- $16,000: average gap at private colleges, up from $11,000 in 2008.
Third, there’s this graphic I show in many of my talks.
These are our future college students. Lots of people in the audience take pictures of this slide because if you know anything about demographics, the states in black are where the majority of high-school grads are coming from in the decade ahead.
It’s a 4-Year Degree, Not a 1-Year Degree
When talking to families about financial aid, they often explain how they figured out how to pay the tuition bills for the next year.
But, so many haven’t figured out yet how to pay for the whole degree.
It’s a 2-year or 4-year degree, so why isn’t it priced and financed as one? After all, we don’t buy and take out loans for two tires and the steering wheel of a car, or just the kitchen and bedroom of a house.
- In 2013, the University of Dayton pioneered a 4-year price guarantee and financing option, laying out for incoming students what four years of expenses and aid would look like. Many other Ohio colleges have followed, including those in the public sector.
- In the last 7 years, Dayton’s retention rate — the percentage of undergraduates who return each year — has gone up 3 to 4 percentage points from cohort to cohort, Jason Reinoehl, the university’s vice president for strategic enrollment management, told me.
- The university’s 6-year graduation rate is now 81.5%, the first group that entered with the guarantee and an increase of four percentage points since the strategy was put in place.
- What’s more, borrowing by undergraduates has fallen.
“We are in the business of a degree, not educating students one year at a time.” -Jason Reinoehl
About Reinoehl: He’s a graduate of the Arizona State-Georgetown University Academy for Innovative Higher Education Leadership, an 8-month intensive program on leadership and university design that I help lead.
So why don’t more follow Ohio’s lead on 4-year pricing? As Reinoehl and others described, it’s a delicate dance between a university’s CFO and enrollment leaders.
- On one hand you have the CFO who wants to hedge against risk of something happening two or three years from now by pushing the initial price as high as possible.
- On the other hand, you have enrollment managers who worry about filling a class and scaring off potential students with high prices.
Bottom line: The growing afforability gap in higher ed has happened in a good economy. Seems like we’re one recession away from a real crisis.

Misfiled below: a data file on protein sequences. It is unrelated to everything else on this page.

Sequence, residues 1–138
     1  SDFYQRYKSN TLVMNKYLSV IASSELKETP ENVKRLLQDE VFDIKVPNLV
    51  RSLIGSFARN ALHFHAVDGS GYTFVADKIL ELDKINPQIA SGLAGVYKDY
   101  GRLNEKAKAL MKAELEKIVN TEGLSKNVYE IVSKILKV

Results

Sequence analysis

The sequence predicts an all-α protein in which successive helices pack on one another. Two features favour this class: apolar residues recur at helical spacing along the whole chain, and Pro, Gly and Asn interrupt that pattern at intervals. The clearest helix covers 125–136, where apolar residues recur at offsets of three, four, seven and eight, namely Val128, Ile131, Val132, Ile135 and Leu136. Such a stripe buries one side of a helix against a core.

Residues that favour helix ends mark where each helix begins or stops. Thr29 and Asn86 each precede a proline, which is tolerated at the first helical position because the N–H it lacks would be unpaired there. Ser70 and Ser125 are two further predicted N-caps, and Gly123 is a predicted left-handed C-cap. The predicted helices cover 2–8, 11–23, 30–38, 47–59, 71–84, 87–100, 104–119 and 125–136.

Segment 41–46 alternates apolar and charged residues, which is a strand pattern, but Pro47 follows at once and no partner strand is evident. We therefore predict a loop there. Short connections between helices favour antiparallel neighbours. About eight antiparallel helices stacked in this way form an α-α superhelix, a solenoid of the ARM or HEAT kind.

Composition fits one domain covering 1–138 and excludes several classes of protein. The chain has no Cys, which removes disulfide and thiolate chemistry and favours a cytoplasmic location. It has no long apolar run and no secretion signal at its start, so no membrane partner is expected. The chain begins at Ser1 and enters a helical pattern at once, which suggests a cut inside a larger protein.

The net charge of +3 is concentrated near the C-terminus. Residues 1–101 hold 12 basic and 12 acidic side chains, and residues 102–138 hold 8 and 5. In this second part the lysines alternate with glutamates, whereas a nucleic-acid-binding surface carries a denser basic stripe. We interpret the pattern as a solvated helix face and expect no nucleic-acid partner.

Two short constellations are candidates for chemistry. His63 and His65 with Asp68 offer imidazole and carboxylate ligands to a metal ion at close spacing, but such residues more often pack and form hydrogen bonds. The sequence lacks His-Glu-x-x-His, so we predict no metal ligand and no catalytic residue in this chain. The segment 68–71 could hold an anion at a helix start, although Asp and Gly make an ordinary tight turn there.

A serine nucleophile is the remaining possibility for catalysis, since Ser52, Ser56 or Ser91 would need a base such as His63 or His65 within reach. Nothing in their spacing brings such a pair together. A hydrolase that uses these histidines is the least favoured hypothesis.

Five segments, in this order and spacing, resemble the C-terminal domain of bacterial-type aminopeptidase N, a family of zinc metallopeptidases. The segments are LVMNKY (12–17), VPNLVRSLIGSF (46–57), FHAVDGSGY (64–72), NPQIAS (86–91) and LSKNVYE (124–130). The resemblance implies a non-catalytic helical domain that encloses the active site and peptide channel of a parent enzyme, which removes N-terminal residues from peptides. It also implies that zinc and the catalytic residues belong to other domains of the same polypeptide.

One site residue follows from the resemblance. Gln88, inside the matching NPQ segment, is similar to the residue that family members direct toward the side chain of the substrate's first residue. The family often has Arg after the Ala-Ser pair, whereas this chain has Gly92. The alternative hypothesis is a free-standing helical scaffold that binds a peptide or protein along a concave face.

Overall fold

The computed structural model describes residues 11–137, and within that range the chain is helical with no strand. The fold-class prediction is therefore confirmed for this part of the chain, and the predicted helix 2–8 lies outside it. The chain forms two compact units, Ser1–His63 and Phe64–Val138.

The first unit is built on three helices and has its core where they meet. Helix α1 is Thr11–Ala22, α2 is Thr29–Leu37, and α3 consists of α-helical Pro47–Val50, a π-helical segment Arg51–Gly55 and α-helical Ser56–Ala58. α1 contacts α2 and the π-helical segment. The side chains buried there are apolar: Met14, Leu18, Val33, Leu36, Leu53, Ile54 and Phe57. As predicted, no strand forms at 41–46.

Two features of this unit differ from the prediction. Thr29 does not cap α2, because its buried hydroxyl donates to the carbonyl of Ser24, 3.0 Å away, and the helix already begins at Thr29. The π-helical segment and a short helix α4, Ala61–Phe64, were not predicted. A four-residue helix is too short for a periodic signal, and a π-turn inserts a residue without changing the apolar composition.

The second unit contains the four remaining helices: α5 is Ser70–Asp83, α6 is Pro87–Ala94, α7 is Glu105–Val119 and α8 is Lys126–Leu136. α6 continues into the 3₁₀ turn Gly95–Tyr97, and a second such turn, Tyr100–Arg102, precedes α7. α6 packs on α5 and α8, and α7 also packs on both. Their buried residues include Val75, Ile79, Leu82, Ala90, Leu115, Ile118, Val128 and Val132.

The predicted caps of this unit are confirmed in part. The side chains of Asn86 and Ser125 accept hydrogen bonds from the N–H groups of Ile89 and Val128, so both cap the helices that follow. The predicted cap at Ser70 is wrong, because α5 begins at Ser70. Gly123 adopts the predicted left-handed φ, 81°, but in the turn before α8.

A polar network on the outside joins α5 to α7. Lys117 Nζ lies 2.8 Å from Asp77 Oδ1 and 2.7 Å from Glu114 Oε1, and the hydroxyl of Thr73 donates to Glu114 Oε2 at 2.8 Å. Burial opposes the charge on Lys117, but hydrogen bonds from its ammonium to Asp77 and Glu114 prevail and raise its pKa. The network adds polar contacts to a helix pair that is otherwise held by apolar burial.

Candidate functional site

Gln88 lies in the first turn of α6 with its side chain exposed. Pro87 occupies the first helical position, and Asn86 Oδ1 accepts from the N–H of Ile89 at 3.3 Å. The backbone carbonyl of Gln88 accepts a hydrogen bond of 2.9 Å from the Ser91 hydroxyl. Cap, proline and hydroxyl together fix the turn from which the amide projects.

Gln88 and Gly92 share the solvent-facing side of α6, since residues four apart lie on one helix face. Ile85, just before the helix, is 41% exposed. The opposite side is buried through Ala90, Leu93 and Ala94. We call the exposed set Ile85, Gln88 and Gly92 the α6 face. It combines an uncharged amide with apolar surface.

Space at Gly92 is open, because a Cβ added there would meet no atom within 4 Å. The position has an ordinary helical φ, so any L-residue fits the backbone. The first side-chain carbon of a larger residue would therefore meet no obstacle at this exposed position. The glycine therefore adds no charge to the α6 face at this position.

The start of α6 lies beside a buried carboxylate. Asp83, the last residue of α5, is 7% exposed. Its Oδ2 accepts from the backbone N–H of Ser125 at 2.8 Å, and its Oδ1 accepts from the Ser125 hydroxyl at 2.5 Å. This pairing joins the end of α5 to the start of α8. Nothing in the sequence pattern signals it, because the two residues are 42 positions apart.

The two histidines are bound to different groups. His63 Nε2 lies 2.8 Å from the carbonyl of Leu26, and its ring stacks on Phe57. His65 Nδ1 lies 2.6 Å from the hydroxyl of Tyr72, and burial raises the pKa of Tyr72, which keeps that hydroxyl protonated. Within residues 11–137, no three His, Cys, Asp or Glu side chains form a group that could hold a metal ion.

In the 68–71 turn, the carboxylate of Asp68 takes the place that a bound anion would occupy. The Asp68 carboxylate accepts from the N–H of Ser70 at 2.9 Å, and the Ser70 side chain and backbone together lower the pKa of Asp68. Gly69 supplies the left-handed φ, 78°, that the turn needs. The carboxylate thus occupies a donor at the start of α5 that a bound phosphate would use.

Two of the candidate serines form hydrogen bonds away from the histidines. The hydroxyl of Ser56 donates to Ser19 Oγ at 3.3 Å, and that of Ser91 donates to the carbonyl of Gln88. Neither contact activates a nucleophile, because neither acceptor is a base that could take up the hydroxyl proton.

What do you think can be done to address affordability in higher ed? Hit reply or drop me a note and I’ll feature some responses in a forthcoming edition.
Louisiana’s Commissioner of Higher Education, Kim Hunter Reed, joins Jeff and guest co-host Paul Fain to talk about the state’s new master plan for higher ed, which sets an ambitious goal for doubling the number of credentials produced annually.
Half of colleges experienced a decline in applications submitted through the Common App compared to last year. Applications to private colleges are down across the board, except for small and mid-sized schools in the South.
Want to read more about the role of higher ed in society? Sign up for The Weekly Dispatch, a newsletter by my former colleagues Sara Hebel and Scott Smallwood. Next is part of a family of newsletters under Open Campus, the nonprofit news organization Scott and Sara have created to transform local reporting on higher ed.
Their newsletter focuses on topics like colleges’ role in social mobility, whether college pays off (and if that’s even the right question), and what’s behind the growing resentment toward higher ed. Here’s the most-recent issue — about how one city is a microcosm of our higher ed issues — and where you can sign up.
Finally, if you’re in Atlanta, join me and a panel of experts this Thursday, February 6, at a screening and discussion of The Test and the Art of Thinking, a film about the role of the SAT/ACT in the pathway to higher ed.
Until next time. Cheers — Jeff